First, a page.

Ahmed Abba, the journalist from Cameroon serving a 10-year prison sentence arising from his coverage of Boko Haram extremists, has won a top press freedom award.
The New York-based Committee to Protect Journalists has named Abba as one of four journalists – and the only African – to be awarded its 2017 International Press Freedom Award.
Abba is a correspondent for Radio France Internationale's Hausa service. He was first imprisoned in Cameroon in July 2015, spent 635 days in pre-trial detention, then was convicted on charges of "non-denunciation of terrorism" and "laundering of the proceeds of terrorist acts."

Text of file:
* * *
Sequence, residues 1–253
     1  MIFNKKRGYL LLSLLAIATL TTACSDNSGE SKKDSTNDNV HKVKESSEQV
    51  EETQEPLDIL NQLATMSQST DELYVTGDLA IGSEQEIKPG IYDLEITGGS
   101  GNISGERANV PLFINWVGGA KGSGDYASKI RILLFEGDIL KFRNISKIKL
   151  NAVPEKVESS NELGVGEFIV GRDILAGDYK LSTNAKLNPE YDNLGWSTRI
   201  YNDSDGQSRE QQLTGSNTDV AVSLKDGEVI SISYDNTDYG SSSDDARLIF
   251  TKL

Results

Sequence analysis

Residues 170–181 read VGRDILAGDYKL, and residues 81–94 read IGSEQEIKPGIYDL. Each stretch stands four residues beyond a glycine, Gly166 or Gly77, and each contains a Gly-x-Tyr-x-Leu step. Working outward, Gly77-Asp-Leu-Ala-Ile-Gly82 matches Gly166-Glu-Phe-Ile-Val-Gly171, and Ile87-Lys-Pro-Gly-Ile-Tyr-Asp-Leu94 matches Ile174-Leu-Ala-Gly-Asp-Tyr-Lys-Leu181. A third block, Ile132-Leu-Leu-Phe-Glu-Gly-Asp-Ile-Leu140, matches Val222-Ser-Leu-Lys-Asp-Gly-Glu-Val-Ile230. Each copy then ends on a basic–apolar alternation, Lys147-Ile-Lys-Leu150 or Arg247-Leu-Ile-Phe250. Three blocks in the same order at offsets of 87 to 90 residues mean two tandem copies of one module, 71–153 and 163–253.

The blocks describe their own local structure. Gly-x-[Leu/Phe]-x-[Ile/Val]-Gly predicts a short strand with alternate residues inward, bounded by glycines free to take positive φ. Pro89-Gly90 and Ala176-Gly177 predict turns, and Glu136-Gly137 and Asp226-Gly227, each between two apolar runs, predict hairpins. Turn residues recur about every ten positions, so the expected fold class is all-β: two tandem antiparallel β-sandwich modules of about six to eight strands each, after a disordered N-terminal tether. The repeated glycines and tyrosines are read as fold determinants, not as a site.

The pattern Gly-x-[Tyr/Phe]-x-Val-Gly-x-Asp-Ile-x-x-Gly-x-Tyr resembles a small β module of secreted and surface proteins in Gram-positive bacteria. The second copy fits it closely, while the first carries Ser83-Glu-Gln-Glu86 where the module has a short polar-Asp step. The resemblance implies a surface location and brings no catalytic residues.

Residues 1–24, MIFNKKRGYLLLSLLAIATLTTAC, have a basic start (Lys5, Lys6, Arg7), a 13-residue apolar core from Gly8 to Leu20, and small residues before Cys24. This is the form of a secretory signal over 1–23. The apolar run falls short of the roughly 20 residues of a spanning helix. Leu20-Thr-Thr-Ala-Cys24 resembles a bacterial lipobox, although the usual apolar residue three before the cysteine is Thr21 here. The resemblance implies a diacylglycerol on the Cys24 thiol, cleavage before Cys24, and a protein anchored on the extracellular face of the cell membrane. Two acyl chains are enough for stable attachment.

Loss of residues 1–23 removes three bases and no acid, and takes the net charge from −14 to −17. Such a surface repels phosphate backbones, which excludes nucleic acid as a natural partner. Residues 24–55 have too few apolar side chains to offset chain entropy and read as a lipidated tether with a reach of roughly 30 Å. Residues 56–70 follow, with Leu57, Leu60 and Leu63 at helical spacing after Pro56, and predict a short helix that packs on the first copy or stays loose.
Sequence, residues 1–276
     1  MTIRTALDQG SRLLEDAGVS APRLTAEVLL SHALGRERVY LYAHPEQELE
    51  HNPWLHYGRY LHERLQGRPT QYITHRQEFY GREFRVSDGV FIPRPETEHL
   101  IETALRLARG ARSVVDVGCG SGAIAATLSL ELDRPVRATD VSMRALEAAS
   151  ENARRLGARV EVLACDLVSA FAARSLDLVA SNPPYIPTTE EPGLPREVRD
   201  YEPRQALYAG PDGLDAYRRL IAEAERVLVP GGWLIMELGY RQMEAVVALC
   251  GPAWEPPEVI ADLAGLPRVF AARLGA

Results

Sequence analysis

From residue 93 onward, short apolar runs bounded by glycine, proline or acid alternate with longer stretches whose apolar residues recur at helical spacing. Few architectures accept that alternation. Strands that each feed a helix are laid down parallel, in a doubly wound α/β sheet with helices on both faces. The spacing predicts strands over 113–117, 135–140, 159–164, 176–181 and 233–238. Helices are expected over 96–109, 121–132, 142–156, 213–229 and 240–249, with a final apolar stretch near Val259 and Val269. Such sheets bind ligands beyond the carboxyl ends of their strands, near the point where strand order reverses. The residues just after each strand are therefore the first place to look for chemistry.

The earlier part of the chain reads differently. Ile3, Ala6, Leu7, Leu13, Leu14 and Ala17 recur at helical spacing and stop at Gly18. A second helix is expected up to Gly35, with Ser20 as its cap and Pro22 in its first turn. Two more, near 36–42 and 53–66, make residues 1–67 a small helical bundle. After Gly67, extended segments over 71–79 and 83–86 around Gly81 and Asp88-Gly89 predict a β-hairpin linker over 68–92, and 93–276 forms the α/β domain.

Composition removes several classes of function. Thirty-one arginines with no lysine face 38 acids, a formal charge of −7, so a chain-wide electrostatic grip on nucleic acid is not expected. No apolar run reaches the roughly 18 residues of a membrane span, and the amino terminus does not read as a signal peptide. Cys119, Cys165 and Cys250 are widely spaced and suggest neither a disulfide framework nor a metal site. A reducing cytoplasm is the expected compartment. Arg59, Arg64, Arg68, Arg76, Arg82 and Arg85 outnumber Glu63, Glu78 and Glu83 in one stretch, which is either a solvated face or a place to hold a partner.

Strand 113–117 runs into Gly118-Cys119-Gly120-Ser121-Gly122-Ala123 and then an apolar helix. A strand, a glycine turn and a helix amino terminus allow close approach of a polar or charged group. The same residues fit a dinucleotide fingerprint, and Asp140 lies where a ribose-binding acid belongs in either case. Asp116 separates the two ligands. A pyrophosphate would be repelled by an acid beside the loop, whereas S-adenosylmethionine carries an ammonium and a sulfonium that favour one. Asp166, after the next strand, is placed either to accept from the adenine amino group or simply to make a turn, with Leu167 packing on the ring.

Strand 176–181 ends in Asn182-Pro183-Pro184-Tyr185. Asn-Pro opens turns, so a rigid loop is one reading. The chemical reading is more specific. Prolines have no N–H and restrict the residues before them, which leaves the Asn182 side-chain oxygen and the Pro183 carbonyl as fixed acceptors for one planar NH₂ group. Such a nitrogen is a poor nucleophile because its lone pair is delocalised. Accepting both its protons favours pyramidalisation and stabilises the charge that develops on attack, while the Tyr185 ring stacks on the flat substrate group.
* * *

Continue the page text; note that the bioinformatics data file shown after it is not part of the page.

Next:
His conviction and sentence sparked outrage. “Ahmed Abba's conviction, after torture and an unfair trial, is clear evidence that Cameroon's military courts are not competent to try civilians and should not have jurisdiction in these cases,” said Ilaria Allegrozzi, Amnesty International's Lake Chad researcher, at the time.
“This is a punishment for the whole press, an attempt to criminalise the profession of journalism in Cameroon,” said Cameroonian journalists' union leader Denis Nkwembo.
The other winners of the award are: Patricia Mayorga, a correspondent for the Mexico City-based news magazine, Proceso; Pravit Rojanaphruk, a reporter and press freedom advocate in Thailand; and Afrah Nasser, a leading Yemeni reporter and blogger.